The already extraordinary cost of a proposed state-run single-payer health plan jumped even higher this week when the chief sponsor, Assembly Health Chairman Richard Gottfried of Manhattan, announced that it would be expanded to cover long-term care.
In testimony to the New York City Council on Thursday, Gottfried estimated that the change would add about $19 billion, or 14 percent, to the plan’s projected price tag of $139 billion.
The scale of the necessary tax hikes would grow from 156 percent of current state revenues to 177 percent.
Long-term care refers to services provided to the elderly, chronically ill and disabled, mostly by nursing homes and home health providers. Such care can cost hundreds of thousands of dollars per year, rapidly draining the savings of all but the wealthiest families. Many patients soon become eligible for coverage by Medicaid, the state-federal health plan for the poor.
The majority of long-term care costs, or some $40 billion a year, are already covered by government health plans, primarily Medicaid. Under Gottfried’s modified proposal, the newly-established single-payer plan would absorb those costs along with additional costs currently being paid out-of-pocket by patients and their families. His bill previously called for adding long-term care benefits in the future, but left the details to be determined in years ahead.
Gottfried’s New York Health Act – which is sponsored in the Senate by Gustavo Rivera of the Bronx – calls for the imposition of new taxes on payroll and non-payroll income, but does not specify the rates or income brackets.
In its fiscal analysis of the plan this summer, the RAND Corp. projected the impact of financing an added long-term care benefit through the tax on non-payroll income, such as capital gains, dividends, interest and the taxable portion of pensions.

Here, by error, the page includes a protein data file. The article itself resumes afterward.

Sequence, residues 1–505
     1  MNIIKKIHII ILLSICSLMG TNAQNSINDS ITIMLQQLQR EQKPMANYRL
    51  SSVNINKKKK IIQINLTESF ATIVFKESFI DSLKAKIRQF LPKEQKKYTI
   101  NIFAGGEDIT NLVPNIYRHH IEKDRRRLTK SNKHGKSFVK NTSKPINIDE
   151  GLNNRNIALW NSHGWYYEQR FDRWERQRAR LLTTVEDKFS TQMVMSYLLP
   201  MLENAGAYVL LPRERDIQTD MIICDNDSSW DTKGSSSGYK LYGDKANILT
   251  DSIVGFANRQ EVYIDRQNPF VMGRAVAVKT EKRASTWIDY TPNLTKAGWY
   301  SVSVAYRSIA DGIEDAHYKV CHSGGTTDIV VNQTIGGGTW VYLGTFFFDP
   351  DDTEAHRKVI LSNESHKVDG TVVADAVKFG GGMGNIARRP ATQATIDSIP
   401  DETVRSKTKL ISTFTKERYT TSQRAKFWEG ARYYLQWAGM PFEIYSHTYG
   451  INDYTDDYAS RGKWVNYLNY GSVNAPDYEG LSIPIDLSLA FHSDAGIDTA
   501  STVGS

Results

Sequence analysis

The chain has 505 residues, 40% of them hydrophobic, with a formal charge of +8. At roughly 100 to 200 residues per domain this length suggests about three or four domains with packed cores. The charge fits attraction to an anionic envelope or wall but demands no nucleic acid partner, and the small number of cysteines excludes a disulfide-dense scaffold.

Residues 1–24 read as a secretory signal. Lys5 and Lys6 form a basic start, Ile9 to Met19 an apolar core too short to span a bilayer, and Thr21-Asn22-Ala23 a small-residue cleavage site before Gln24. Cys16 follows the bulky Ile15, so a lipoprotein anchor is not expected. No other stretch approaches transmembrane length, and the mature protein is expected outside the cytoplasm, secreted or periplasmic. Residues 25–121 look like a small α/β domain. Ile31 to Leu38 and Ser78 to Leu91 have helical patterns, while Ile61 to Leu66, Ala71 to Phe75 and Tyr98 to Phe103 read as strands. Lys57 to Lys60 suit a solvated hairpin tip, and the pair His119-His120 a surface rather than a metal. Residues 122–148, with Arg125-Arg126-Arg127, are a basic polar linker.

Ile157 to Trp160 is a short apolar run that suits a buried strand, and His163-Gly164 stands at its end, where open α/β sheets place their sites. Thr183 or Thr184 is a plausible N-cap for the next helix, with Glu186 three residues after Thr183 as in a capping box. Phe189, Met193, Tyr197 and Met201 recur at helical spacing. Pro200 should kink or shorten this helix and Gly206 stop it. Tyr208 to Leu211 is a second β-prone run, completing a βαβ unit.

Under a New York Health Act that covers long-term care, the non-payroll tax rate for 2022 would range from 8.6 percent (for taxable income under $27,500) to 24.6 percent (for taxable income over $141,200). Those rates are about one-third higher than they would be under a plan that excludes long-term care (see chart).
Under this scenario, New York’s top marginal rate for non-payroll income, including the state income tax, would climb above 33 percent. For those subject to New York City’s local income tax, it would rise to 37 percent.
With or without the addition of long-term care, the RAND report warned that wealthier residents could respond to these high rates by sheltering their income or moving out of state. If just 0.5 percent of taxpayers were to leave, the state’s single-payer budget would fall short by $33.5 billion, the report found.
All of RAND’s estimates are based on dubious assumptions – such as the federal government granting multiple unprecedented waivers – meaning the actual costs and tax rates could be significantly higher.